Brennan is far from the only political figure to condemn the president’s action. In a joint statement, the leaders of the United Kingdom, France and Germany expressed “regret and concern,” acknowledging they wish to sustain the agreement, which provided Iran some relief from international sanctions in exchange for limits on and guarantees of transparency about its nuclear aspirations.
European leaders had earlier tried––and failed––to convince the president to preserve the nuclear deal.
French President Emmanuel Macron met with President Trump last month and urged Congress to not only stay in the deal, but seek to improve it. German Chancellor Angela Merkel and British Foreign Secretary Boris Johnson, in separate meetings with the president, also urged him to keep the deal, agreeing with the assessment from U.S. intelligence agencies and Secretary of State Mike Pompeo that the deal limits Iran’s nuclear capabilities for now and that Iran has always complied.
Proponents of exiting the agreement have cited weaknesses that the leaders of France, Germany, and Britain themselves have acknowledged and pledged to improve. These include:
- eliminating expiration dates on vital restrictions on Iran’s nuclear activity, allowing Iran to resume large-scale processing of nuclear fuel starting in 2025
- allowing inspections of military sites, which Iran currently prohibits
- limiting Iran’s ballistic missile program
- addressing Iran’s support for terrorist groups across the Middle East
But Trump’s decision, writes CNN’s Stephen Collinson, “opened a new window into Trump’s political soul, showing his willingness to unleash the kind of chaos abroad he has fomented at home”:
The decision added context to his “America First” foreign policy doctrine and showed he is adamant about following through on campaign promises that horrified America’s allies.
And it revealed two other pillars of the Trump presidency––a propensity to turn even the most crucial moments into a global televised drama, and his ravenous desire to eradicate President Barack Obama from the history books.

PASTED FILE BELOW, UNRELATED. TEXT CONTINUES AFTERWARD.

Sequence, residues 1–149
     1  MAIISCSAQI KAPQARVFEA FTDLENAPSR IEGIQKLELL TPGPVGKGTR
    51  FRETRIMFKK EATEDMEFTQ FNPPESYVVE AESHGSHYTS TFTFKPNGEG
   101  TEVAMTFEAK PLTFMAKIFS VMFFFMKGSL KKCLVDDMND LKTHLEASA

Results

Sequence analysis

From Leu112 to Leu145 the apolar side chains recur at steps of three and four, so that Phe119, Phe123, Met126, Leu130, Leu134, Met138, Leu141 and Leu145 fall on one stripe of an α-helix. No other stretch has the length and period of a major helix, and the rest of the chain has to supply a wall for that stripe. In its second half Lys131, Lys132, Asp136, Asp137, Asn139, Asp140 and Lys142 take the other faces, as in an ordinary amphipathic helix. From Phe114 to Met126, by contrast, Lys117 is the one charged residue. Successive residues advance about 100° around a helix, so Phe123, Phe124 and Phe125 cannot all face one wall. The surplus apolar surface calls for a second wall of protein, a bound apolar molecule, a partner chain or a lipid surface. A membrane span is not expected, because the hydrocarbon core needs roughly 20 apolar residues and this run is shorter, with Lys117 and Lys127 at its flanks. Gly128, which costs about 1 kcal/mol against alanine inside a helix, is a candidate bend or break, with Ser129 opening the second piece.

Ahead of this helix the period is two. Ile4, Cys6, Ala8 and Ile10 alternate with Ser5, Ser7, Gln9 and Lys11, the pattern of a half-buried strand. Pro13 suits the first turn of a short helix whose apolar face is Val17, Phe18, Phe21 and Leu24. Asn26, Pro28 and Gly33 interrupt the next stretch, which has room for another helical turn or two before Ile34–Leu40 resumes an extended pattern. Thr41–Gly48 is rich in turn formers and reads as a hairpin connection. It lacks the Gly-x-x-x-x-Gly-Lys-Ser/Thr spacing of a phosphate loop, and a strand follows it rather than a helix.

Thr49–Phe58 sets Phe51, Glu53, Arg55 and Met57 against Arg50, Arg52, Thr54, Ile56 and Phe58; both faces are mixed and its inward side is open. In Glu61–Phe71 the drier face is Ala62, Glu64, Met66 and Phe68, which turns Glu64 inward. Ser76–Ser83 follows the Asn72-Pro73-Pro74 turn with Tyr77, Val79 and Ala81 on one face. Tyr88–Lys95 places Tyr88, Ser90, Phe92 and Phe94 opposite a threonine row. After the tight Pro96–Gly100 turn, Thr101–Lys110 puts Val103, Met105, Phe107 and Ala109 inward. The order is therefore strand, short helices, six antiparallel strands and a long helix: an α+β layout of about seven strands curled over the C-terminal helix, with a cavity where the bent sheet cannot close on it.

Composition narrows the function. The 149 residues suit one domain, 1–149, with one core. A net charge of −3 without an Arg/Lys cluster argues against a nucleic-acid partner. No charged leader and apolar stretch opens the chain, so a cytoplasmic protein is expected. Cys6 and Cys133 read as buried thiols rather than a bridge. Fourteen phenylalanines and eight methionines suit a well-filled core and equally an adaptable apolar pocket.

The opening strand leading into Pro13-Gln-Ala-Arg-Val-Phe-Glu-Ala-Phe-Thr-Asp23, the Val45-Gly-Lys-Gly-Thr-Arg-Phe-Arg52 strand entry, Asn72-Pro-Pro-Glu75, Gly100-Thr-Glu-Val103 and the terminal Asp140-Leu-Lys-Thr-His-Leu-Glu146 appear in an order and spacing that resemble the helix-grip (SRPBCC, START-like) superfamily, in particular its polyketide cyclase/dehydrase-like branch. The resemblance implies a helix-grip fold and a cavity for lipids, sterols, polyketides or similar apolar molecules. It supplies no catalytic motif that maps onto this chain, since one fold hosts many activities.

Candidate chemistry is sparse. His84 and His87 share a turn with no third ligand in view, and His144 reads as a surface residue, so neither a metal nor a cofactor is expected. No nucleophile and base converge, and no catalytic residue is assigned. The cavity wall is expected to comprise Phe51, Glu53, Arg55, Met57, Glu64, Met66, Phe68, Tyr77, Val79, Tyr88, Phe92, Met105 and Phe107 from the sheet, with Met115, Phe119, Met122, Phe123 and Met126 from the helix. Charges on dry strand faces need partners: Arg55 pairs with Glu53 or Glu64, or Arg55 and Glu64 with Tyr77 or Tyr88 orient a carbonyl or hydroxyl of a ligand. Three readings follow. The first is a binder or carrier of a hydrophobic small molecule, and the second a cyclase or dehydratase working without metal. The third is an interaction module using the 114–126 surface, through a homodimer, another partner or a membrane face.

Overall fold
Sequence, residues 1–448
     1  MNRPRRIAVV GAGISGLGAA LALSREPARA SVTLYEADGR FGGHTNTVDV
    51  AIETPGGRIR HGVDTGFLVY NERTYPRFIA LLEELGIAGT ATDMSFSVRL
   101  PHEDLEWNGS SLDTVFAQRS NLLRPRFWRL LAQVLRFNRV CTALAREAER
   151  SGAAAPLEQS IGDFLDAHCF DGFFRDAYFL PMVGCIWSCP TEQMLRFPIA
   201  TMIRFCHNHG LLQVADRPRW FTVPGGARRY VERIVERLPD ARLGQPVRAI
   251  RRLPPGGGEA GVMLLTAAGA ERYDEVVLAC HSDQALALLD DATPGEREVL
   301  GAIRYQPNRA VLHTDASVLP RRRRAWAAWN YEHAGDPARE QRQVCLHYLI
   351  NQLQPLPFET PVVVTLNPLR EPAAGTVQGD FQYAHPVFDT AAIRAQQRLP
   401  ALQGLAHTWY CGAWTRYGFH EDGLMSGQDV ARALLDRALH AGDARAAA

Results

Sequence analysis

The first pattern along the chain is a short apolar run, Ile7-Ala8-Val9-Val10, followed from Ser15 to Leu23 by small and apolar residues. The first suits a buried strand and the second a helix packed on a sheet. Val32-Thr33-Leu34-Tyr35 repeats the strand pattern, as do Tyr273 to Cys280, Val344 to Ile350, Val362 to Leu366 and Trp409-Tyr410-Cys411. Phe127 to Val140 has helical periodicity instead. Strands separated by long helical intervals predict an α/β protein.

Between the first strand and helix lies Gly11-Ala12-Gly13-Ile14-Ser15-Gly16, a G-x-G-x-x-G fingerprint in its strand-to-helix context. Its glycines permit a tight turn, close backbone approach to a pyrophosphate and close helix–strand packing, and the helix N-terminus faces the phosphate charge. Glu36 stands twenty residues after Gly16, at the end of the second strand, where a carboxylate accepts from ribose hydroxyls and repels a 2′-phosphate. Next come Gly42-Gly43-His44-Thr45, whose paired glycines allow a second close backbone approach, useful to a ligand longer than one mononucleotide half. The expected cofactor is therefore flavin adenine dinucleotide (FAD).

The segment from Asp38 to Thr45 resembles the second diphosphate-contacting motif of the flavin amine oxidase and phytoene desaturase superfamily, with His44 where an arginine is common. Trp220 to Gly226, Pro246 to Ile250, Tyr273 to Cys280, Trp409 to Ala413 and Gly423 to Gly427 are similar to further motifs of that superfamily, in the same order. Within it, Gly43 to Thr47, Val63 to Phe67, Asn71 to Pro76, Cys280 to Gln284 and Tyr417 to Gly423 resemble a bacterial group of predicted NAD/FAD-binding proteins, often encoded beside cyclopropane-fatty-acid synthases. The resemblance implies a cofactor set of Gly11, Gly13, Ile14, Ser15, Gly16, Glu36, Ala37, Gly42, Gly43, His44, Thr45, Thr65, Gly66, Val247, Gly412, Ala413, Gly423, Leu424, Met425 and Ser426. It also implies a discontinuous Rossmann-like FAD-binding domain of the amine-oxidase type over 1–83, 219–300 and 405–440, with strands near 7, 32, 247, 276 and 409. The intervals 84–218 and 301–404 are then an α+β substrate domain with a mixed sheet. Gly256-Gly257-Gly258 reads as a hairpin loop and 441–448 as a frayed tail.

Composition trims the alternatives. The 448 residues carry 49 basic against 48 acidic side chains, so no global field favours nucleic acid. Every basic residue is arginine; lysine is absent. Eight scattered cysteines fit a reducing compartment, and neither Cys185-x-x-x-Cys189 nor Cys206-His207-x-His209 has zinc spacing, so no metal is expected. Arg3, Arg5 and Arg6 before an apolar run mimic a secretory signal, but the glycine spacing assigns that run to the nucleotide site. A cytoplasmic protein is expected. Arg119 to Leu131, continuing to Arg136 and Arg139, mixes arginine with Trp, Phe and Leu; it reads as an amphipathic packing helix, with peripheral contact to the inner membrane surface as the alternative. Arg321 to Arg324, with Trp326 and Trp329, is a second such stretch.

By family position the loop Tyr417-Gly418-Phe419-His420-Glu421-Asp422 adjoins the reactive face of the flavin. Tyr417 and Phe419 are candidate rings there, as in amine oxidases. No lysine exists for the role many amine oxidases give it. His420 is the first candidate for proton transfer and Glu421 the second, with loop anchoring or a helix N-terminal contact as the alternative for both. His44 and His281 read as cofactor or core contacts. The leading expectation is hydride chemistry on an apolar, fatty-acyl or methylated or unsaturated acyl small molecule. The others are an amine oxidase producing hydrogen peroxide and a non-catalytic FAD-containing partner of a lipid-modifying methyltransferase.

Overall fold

Speaking on the air yesterday, Marie Harf, a political commentator for Fox News who worked as the Senior Advisor of Strategic Communications to former Secretary of State John Kerry and led the Iran nuclear negotiations communications strategy, criticized the president’s move, observing that “saying it [that the United States will exit the deal] doesn’t just make it so.”
Harf noted, in particular, that the president only condemned the deal, and never offered a course of action going forward:
I thought what was interesting was that Donald Trump said a lot about what he didn’t like in the deal. He said a lot about how bad Iran’s behavior is, and he said very little about what comes next, and how he will actually work to fix the deal, whether he has a comprehensive plan in place, and he almost made an implicit military threat when he said, ‘If Iran moves in a direction we don’t want them to, they will face a problem like they’ve never seen before.’
So for a lot of us, the question facing the president today wasn’t whether or not we should have done the deal originally. We know how he feels about that. It’s what the best course is moving forward, and if tomorrow Iran kicks out the inspectors, if they restart their enrichment because now we have made the deal null and void, what will Donald Trump do? We did not hear details about how he will prevent Iran from getting a nuclear weapon going forward, and I think it’s incumbent upon him and his administration now to lay out their case for how they will do that.
Marie Harf: “If tomorrow Iran kicks out the inspectors, if they restart their enrichment because now we have made the deal null and void, what will @realDonaldTrump do?” #DailyBriefing pic.twitter.com/vSbdwYDctr
— Fox News (@FoxNews) May 8, 2018